Researchers at Trend Micro have released a paper examining cybercrime in the darkest layers of the Internet, the so-called Deep Web.
Also known as the invisible web, the deeper web refers to the portion of the Web that is indexed by search engines like Google. Using darknets – networks that offer anonymous access to Web content – cybercriminals often seek to stay below the radar. While The Onion Router (TOR) is most associated with the deep web, there are several other networks that offer anonymity as well, such as freenet and I2P.
“The deepweb, particularly darknets such as TOR, represents a viable way for malicious actors to exchange goods, legally or illegally, in an anonymous fashion,” the paper notes.
“Our findings suggest that, at present, the main network that shows commercial activities for cybercriminals is TOR. While the deepweb has proven to be very functional for hosting botnets’ command-and-control (C&C) servers and trading merchandise such as drugs and weapons, traditional cybercrime goods (i.e., malware and exploit kits) were less popular.”
According to Trend Micro, the prices for illegal goods and services vary greatly between the visible and invisible web. For example, credit cards cost an average of $23.70 on Russian underground forums accessible over the Internet without darknet software or a rogue TLD DNS server, but $68.80 on TOR sites. In addition, more stolen accounts and account information are sold in Russian underground forums than on TOR sites although their prices seem comparable (US$126 for a US$1,000 account in TOR sites versus US$100 for a US$1,000–2,000 account in underground forums).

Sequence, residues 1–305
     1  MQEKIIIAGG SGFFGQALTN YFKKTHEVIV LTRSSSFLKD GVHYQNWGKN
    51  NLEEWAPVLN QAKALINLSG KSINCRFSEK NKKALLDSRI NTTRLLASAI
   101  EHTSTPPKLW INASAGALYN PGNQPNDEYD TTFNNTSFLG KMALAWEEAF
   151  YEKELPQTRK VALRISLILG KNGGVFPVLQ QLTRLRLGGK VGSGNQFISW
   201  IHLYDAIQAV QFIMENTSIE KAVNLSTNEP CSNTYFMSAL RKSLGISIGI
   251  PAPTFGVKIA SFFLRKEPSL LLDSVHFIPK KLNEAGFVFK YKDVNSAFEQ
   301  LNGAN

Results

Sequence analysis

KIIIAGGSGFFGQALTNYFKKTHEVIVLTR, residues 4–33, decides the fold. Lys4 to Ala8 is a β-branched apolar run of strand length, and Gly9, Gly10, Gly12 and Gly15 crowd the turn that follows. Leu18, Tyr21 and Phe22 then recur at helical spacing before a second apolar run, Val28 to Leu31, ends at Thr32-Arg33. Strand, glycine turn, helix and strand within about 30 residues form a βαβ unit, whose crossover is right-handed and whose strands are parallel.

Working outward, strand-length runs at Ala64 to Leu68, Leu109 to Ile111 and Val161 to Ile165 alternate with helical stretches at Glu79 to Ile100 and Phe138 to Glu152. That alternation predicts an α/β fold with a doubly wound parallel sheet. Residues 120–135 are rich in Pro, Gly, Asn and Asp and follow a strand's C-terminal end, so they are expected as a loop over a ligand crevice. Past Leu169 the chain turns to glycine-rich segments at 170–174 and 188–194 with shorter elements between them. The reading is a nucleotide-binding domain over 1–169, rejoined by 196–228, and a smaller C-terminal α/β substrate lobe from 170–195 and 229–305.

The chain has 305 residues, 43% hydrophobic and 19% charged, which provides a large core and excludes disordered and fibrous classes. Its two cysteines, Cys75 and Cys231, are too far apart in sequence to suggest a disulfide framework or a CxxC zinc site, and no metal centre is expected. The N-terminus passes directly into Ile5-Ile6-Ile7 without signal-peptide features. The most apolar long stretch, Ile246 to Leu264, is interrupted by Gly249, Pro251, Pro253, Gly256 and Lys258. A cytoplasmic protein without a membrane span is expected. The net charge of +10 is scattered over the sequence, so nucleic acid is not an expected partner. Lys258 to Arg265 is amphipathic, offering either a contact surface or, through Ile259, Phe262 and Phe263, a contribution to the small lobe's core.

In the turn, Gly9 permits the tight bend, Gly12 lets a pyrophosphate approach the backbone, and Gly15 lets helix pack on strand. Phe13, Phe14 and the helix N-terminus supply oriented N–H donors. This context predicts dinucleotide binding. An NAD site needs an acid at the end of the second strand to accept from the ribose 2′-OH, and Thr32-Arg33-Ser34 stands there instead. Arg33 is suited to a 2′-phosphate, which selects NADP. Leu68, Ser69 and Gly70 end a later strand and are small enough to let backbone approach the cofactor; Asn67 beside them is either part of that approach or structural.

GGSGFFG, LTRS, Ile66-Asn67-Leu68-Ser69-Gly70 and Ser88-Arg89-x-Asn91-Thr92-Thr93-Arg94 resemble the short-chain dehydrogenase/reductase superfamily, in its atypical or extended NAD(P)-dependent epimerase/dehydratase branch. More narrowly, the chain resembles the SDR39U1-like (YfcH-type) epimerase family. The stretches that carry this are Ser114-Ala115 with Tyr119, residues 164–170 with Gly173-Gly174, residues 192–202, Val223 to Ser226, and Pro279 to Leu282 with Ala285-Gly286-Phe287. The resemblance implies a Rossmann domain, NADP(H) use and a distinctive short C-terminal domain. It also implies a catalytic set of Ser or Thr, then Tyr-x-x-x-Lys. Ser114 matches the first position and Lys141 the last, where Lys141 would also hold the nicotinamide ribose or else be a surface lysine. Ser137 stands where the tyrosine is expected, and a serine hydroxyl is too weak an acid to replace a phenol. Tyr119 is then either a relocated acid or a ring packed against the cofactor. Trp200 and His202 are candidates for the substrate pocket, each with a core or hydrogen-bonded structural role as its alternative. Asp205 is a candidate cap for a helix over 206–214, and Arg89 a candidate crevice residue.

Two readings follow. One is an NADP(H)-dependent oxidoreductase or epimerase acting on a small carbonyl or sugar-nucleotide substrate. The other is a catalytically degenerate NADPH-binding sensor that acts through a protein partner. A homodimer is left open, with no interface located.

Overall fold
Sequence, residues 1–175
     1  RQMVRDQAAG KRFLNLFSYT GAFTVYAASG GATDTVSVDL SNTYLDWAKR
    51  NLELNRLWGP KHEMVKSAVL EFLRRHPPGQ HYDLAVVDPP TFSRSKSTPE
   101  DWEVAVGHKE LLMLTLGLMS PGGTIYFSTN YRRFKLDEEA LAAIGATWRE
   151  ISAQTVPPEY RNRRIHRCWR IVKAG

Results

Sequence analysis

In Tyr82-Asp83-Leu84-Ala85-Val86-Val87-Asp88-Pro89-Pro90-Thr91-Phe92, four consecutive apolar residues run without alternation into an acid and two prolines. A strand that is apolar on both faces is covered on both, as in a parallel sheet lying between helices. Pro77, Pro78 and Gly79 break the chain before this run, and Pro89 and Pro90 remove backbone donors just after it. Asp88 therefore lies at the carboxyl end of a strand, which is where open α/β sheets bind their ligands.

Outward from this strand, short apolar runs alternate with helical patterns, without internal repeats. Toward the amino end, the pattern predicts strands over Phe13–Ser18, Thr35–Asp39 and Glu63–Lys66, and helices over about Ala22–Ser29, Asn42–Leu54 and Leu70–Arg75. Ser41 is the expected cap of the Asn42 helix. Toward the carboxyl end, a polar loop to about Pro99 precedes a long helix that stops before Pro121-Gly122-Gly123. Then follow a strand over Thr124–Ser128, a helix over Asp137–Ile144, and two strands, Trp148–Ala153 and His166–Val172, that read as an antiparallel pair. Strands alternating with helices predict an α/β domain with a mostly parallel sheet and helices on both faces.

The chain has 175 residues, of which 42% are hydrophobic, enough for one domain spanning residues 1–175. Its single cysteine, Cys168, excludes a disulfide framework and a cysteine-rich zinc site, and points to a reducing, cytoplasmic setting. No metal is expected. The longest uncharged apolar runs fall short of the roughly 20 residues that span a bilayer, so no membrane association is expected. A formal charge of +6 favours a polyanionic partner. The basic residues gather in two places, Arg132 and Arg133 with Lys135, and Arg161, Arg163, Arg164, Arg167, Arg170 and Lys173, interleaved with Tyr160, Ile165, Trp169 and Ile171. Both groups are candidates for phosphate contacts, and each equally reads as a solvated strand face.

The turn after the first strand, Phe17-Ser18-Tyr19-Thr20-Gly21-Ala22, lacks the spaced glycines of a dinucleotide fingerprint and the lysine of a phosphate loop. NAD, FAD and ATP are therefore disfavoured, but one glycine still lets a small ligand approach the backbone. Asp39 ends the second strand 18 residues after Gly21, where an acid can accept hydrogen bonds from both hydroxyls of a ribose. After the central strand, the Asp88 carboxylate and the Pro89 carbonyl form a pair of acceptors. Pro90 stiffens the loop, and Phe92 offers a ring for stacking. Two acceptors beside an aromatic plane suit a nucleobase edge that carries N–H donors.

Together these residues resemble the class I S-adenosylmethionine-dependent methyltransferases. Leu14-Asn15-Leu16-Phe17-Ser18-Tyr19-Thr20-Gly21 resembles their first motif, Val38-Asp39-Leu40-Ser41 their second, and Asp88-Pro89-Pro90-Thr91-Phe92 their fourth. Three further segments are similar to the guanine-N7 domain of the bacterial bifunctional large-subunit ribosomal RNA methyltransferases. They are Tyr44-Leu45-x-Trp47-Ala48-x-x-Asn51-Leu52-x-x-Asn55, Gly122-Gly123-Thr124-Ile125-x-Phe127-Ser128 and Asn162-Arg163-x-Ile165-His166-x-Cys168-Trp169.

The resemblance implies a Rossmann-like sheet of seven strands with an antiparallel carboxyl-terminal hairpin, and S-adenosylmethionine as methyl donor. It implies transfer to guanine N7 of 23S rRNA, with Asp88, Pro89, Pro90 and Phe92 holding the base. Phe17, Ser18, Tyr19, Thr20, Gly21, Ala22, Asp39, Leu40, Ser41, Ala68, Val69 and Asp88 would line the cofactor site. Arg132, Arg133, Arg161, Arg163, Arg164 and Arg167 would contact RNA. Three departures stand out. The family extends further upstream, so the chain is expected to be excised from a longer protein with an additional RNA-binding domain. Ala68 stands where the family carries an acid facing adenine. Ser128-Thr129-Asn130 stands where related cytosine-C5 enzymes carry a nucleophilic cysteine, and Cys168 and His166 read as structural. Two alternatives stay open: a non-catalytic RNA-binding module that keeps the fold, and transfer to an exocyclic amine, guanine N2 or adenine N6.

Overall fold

“Somehow, being untraceable presents drawbacks for a seller who cannot easily establish a trust relationship with customers unless the marketplace allows for it,” according to the report. “However, the lack of observable activities in unconventional deepweb networks does not necessarily mean an actual lack of such.”
“In fact, in agreement with the principle inspiring the deepweb, the activities are simply more difficult to spot and observe,” the paper notes. “Note that since a driving factor for marketplaces is critical mass, it is quite unlikely for them to long for such a high level of stealth unless the consequence, should they be discovered, is sufficiently severe (e.g., child exploitation imagery). In such cases, sites may only come online at specific times, have a brief window of trading, then disappear again, making them more difficult to investigate.”
The paper can be read here.